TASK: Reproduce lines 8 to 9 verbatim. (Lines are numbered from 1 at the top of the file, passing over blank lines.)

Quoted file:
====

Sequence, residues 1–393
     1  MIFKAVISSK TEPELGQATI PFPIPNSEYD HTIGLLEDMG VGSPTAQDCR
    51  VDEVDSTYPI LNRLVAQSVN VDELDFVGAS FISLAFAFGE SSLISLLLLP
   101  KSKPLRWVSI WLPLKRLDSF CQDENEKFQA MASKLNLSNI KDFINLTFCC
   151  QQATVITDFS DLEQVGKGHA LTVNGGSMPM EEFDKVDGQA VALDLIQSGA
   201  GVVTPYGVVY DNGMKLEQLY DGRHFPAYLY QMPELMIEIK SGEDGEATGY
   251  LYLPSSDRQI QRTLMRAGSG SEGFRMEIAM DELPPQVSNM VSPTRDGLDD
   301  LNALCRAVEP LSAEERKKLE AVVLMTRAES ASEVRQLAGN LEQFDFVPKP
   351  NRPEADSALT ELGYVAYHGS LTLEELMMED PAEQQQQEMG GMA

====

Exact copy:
   301  LNALCRAVEP LSAEERKKLE AVVLMTRAES ASEVRQLAGN LEQFDFVPKP
   351  NRPEADSALT ELGYVAYHGS LTLEELMMED PAEQQQQEMG GMA